Thursday, January 25, 2007

Trademarks Are The Real Competitive Advantage

Marketers and trademark attorneys must read Professor James Conley's article Trademarks, Not Patents: The real competitive advantage of the Apple iPod.

S/N 78661217

Here's an excerpt:

Our findings overwhelmingly support the conventional wisdom that design decisions cast a big shadow on the commercial success of the product over its lifecycle. But more recently, we have found that some firms know how to build brand identity through great design, and they understand how to leverage and secure critical design elements and cognitive touch points [shape, color and sound] of the user experience through non-traditional marks. In the process, they build strong, transferable brand identity throughout the product lifecycle that can be leveraged in future offerings.

This has led us to consider the possibility that the cognitive touch points of the user experience can be reconciled—and secured or monopolized—as unique brand elements through non-traditional marks. Marks, unlike patents or copyrights, never expire if used properly. Registered design elements that serve as a brand foundation are therefore indefinite forms of competitive advantage.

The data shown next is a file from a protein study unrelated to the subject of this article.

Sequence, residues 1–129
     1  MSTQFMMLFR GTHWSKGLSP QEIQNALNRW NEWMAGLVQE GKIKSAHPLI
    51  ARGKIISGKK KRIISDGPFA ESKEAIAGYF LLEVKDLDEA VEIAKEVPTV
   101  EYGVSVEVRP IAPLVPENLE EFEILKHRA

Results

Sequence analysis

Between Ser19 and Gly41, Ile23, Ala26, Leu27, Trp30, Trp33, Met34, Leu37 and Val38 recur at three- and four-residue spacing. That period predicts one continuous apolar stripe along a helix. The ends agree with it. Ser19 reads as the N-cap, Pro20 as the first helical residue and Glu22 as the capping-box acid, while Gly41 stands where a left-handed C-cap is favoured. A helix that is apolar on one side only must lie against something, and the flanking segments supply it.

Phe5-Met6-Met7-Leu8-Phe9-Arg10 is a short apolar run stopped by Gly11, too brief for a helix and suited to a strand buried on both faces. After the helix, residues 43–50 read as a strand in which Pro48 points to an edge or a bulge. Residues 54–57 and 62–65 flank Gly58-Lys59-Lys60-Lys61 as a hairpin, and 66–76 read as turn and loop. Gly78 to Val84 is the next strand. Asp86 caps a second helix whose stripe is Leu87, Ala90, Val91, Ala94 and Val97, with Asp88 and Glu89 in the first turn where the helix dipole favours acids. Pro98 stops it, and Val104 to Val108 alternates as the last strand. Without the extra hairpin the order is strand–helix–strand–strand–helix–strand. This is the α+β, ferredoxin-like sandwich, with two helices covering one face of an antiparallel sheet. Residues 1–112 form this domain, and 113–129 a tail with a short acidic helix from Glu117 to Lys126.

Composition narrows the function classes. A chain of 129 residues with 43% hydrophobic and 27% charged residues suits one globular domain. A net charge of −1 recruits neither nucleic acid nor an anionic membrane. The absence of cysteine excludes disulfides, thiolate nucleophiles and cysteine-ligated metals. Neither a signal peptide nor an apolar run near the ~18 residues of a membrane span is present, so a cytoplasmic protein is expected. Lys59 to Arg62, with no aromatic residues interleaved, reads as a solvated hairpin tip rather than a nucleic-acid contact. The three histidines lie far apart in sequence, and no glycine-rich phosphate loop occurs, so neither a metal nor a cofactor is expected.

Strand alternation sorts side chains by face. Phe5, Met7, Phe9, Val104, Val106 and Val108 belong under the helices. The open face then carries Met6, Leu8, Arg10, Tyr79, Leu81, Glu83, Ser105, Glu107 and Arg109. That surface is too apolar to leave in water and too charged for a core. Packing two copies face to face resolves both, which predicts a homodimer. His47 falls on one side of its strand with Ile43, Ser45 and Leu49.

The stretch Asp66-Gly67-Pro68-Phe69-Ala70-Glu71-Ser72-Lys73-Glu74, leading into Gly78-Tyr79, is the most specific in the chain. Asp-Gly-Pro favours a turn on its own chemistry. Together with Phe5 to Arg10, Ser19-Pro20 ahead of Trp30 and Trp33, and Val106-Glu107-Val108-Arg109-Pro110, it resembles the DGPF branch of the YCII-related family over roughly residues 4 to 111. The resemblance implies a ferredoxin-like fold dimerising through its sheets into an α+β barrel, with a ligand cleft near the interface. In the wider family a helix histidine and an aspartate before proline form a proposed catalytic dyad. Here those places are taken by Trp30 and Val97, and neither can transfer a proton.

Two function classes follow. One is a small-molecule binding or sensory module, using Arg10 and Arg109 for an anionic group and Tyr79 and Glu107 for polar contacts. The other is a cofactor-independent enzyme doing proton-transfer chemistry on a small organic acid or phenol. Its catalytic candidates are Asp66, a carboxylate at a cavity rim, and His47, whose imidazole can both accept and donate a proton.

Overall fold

One minor beef with the article is that it seems to imply that trademark registration is the basis for protection. For example, Professor Conely says "to be clear, Apple's trademark, if successfully registered, will not give them the kind of functional invention or ornamental exclusivity that one gets with of a patent." As we well know however, trademark rights are obtained through use.

Regardless, I found the article well written and informative. It illustrates nicely how a company can employ the different forms of intellectual property to their competitive advantage.

See also Professor Conley's Intellectual Property Strategy and Value Articulation presentation to the Management Circle Patente 2005.

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